Indeed, the whole film is oddly poised between the pensive and the peevish, with a topdressing of high jinks.
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A lesser entry in the LeCarré Cinematic Universe, though Damian Lewis and Stellan Skarsgård rescue it from complete blandness.
Once you get past some bumps in the road of believability, Our Kind of Traitor turns into a brisk, energetic drama, with Anthony Dod Mantle’s photography adding interesting layers to a fairly straightforward plot.
While McGregor and Harris convincingly portray a couple in trouble, and Lewis’s odball spook is an uneasy fit, it is Skarsgard’s dynamic performance which saves the day.
It's a finely made thriller that's a little bit more contemporary than other le Carré adaptations before it, and allows the central trio a chance to shine and Lewis to do some weird things with his accent and mouth as a weirdly laid back and unconcerned British agent.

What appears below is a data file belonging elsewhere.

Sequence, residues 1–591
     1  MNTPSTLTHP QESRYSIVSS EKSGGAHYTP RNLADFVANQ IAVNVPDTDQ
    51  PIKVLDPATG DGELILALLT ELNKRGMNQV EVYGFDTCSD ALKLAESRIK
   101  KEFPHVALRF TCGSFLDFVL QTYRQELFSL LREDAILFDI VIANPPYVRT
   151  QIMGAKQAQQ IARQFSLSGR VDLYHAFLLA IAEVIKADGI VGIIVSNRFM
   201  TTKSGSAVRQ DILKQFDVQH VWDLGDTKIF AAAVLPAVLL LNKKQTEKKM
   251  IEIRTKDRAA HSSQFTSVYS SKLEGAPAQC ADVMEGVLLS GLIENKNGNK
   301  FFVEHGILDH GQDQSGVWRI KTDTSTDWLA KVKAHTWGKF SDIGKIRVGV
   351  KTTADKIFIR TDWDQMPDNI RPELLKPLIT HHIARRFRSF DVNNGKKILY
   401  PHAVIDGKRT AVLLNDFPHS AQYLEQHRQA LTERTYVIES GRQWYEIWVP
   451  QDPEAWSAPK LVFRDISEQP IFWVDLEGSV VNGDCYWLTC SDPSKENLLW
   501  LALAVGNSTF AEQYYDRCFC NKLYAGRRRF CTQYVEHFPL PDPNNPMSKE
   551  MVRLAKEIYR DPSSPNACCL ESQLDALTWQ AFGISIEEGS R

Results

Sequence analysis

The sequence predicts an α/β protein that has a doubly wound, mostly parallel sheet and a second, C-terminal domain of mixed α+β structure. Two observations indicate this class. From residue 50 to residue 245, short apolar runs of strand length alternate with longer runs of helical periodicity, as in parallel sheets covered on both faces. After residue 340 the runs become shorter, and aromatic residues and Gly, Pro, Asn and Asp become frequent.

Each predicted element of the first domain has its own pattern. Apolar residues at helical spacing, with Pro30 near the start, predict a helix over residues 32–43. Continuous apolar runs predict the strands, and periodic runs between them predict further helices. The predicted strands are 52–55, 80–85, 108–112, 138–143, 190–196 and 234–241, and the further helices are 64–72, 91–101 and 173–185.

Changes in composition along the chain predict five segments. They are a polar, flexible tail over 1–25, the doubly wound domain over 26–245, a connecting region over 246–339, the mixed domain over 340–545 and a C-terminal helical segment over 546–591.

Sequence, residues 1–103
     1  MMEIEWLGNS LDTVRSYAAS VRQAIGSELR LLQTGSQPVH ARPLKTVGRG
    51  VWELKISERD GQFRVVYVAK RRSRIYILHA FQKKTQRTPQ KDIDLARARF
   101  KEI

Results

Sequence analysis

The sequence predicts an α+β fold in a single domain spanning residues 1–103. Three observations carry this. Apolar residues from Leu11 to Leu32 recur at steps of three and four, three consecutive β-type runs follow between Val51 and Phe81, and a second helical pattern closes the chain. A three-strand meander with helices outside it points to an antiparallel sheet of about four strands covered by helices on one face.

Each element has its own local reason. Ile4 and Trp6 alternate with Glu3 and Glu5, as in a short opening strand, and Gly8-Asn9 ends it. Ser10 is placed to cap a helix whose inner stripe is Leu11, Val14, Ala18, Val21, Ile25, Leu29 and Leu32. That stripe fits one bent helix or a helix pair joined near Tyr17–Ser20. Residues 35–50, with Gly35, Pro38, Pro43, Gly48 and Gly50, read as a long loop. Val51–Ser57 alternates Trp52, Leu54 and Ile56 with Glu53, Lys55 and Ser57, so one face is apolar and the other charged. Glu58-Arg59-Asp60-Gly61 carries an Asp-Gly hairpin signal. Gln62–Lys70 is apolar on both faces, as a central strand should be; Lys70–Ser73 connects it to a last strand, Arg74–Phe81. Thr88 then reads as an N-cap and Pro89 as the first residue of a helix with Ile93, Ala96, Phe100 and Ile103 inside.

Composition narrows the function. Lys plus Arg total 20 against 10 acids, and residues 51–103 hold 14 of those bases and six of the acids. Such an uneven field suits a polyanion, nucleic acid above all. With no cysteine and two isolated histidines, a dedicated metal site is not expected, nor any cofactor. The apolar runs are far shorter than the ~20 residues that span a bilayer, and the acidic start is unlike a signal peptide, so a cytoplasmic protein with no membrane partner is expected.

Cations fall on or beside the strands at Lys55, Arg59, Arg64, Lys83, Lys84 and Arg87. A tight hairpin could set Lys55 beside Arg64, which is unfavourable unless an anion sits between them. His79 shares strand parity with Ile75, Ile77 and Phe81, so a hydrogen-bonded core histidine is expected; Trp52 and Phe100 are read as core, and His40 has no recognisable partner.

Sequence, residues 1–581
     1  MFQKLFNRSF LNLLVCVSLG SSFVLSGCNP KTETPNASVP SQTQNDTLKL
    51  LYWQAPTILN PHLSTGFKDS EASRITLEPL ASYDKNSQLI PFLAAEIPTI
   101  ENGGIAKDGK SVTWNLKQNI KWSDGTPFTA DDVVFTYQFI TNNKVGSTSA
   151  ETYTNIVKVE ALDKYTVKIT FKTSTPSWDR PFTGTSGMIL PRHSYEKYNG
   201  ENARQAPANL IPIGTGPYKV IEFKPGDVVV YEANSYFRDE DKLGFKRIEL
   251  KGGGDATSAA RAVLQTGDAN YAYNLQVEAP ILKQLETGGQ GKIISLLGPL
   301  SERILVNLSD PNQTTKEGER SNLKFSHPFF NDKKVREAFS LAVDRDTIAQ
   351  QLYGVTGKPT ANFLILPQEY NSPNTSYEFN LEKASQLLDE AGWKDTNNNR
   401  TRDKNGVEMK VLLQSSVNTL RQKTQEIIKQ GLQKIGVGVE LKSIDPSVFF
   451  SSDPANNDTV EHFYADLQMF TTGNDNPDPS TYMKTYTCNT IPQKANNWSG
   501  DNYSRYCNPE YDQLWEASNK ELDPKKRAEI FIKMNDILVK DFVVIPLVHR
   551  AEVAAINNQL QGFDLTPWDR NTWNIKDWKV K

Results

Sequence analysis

The film, while gorgeously shot, is schematic and wholly implausible. But Skarsgård saves it; wild and funny and ferociously alive, he’s a crucial bolt of color in all that tasteful gray.
Although engaging enough to hold interest, the just slightly off casting of Ewan McGregor and Stellan Skarsgard...dampens plausibility.
Director Susanna White favours a generic spy-movie look: those chilly blue filters surely need resting now. Yet she works smartly with her actors: while Skarsgård wolfs down great handfuls of scenery, McGregor effectuates a thoughtful transformation from ineffectual tourist to man in the field.
The shattering of one’s noble ideals is a delicate thing to capture on film, and White plays the moment of rupture with a banality that threatens to undermine our faith in her as storyteller more than in the system itself.
It’s a film whose final shape feels dwindled by compromise – not unappealing, but stymied, like a luxury jet which spends two hours taxiing on the runway.